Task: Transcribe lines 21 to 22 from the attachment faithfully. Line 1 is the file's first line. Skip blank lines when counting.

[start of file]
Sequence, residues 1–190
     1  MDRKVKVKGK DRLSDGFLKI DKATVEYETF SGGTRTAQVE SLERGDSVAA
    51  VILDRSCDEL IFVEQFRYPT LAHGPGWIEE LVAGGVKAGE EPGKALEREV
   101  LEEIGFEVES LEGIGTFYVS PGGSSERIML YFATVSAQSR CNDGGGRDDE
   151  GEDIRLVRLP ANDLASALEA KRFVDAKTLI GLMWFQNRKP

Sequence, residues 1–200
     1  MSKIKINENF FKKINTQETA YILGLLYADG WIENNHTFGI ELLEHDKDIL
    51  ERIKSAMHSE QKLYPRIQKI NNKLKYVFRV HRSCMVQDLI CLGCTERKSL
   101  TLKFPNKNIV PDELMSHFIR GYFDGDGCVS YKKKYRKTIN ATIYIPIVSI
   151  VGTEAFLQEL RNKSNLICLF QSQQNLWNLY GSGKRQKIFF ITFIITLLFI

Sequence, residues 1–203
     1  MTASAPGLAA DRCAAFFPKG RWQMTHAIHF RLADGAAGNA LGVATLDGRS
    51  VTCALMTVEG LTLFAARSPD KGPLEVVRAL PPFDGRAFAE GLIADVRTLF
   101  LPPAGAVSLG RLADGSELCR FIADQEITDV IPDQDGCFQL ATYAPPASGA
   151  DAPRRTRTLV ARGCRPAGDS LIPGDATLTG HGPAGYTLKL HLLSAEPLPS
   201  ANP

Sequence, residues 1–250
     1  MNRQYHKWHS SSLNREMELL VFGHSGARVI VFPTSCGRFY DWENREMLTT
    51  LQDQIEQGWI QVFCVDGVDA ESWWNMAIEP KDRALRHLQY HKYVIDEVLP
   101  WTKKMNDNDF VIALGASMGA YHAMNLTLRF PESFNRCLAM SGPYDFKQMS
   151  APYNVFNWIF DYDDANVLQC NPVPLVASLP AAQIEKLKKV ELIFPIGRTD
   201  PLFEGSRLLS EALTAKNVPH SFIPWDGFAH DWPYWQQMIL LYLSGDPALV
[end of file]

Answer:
   151  APYNVFNWIF DYDDANVLQC NPVPLVASLP AAQIEKLKKV ELIFPIGRTD
   201  PLFEGSRLLS EALTAKNVPH SFIPWDGFAH DWPYWQQMIL LYLSGDPALV